“Before we were a business, The Work Shoppe on Lakeshore Drive in North Bay approached us and said they would love to feature the toilet pods in their store. I agreed to do that, but we also didn’t have a company name or business cards or anything and so within two weeks we created all that and launched our website. We also then made our wholesale application and from there, stores just started contacting us. We have never reached out to a store, which is super cool considering we’re now into 25-30 stores from B.C. to Nova Scotia,” says Massicotte.
Massicotte says she didn’t ever envision the business growing to what it has.
“When we initially got all those orders, I didn’t think that this would happen. I’m really bad at saying no and so I was just saying 'sure you can come to pick all these up tomorrow' to the people that were ordering even though I was super pregnant at the time and my partner and I are driving around to all the grocery stores trying to find the things we need for our ingredients,” she says.
“So, as the week went along, and we just kept getting orders we started to envision what this could be as a real business. Not necessarily a product expansion or to what we’re doing now with employees, but there was a moment where I just thought that it would be great to be able to make this work so that I could stay at home with my son and schedule my own work.
The Oak and Willow business line has now expanded to include dish soap, room cleansing sprays, hand soap, soy candles, dishwasher tablets, and more.
“It took us months to get prepared for the product expansion and plan that out. I’ve investigated every ingredient and how it's sourced and researched who our wholesaler is and made sure that where we’re getting them from has the same sort of ethics that we do, including fair pay for employees,” says Massicotte.
“I think it would be pretty hypocritical if our employees get that and where we source doesn’t. I really think in a business like this there is no hierarchy, the business couldn’t function without me, but it also couldn’t function without the employees doing what they do, and it was important to find that elsewhere.”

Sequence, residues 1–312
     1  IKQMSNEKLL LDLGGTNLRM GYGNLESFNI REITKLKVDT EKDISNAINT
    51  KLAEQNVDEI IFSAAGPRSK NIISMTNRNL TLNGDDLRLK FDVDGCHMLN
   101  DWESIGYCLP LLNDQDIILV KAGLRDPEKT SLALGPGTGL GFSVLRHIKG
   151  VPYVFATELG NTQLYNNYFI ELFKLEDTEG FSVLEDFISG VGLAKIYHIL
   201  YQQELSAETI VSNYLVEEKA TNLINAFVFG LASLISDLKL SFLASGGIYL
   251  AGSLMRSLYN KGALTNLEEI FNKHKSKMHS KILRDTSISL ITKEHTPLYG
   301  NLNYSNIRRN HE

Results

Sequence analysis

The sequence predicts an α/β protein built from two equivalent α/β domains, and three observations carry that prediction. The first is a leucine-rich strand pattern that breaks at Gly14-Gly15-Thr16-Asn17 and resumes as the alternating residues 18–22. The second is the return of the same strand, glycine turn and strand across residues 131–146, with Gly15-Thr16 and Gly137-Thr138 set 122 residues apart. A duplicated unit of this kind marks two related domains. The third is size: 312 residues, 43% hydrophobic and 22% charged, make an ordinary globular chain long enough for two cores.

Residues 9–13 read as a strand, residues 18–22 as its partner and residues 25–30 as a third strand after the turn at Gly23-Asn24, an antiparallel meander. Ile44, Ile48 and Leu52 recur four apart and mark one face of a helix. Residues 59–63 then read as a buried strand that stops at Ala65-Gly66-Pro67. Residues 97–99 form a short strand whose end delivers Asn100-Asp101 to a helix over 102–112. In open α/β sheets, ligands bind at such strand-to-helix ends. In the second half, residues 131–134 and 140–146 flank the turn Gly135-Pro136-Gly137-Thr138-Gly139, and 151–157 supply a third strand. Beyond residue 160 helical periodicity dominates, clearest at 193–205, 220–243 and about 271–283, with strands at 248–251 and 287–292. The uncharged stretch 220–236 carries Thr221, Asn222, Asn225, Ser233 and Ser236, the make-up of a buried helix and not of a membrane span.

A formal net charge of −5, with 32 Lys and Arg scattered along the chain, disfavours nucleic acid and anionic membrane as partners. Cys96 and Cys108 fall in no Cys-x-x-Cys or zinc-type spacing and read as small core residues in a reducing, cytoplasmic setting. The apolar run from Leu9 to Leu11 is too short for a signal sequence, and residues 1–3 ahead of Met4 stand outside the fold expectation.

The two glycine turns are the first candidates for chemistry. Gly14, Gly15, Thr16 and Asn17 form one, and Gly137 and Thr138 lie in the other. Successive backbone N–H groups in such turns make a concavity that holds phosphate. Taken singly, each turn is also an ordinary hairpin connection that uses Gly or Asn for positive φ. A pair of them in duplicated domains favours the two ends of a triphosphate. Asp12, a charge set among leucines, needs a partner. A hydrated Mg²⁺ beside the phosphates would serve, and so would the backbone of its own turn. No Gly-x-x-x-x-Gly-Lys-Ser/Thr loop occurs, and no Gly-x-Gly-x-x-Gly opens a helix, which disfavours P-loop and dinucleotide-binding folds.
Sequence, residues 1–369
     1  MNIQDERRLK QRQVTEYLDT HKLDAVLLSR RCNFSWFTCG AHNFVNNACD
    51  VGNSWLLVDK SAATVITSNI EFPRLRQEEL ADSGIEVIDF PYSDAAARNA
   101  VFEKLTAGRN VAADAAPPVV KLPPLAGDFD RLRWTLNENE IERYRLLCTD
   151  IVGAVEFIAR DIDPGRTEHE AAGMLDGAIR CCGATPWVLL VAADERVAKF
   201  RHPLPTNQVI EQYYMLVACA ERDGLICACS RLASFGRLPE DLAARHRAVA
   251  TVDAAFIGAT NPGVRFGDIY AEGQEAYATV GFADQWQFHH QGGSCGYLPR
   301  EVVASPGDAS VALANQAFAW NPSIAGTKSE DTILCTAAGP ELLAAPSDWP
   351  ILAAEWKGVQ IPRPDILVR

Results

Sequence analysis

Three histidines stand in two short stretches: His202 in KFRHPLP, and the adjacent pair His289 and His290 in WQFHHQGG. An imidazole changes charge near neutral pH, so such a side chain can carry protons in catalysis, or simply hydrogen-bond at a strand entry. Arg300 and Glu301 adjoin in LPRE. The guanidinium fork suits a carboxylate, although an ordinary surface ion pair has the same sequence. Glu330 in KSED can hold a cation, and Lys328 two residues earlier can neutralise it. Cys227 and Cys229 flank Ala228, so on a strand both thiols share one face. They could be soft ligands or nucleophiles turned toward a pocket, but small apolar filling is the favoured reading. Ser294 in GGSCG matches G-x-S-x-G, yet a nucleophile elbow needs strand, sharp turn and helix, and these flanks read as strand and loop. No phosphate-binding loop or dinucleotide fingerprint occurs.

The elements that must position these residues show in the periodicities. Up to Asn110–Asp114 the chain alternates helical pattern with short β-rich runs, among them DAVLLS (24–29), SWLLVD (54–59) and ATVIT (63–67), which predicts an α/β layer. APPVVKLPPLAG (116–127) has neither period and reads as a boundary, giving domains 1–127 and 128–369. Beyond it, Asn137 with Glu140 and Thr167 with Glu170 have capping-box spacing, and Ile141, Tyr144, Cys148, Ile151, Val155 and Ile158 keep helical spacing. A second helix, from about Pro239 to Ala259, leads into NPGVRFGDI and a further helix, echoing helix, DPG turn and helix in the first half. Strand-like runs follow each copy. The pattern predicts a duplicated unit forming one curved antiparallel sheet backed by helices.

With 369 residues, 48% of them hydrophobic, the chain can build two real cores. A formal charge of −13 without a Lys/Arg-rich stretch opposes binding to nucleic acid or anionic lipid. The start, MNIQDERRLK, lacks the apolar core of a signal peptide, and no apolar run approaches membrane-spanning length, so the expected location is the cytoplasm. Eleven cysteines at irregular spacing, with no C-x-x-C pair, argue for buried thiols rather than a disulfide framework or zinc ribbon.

And keeping in line with that integrity, Massicotte says the benefit to shopping with Oak and Willow is the local customers' contribution to zero waste.
“Locally we do a refill program. All our products, no matter what it comes in, you can return that bottle or that jar and get the product refilled for a discounted price. By repeating that model, we keep everything at completely zero waste,” she says.
When looking at their future goals, Massicotte says the goal isn’t to get rich off this business, but instead to push other companies to rethink how they are making and distributing their products.
“I hope more businesses do exactly what we are doing, I'm ok with them taking on this idea,” says Massicotte.
“Our goal is not to become Walmart or any other big corporate brand. My goal is not to have outside manufacturers because once that happens it's hard to then have complete quality control and not just with the ingredients but also with the labour. Oak and Willow will never franchise, or if we do it will be small. For us, it's all about the benefits of having our own business that we control. I work 60-70 hours a week, while my partner gets to stay at home with our son.”
Massicotte adds supporting a local business goes a lot farther than people may realize.
“I think it's really important as it all boils down to supporting our local economy. We’re in the Farmers' Market and so when you buy something from us, it is almost always directly spent back on other local vendors. It’s the same with collaborating with local businesses, it means you’re making connections and you then don’t have to source products from bigger companies because someone right in your own backyard has what you need.”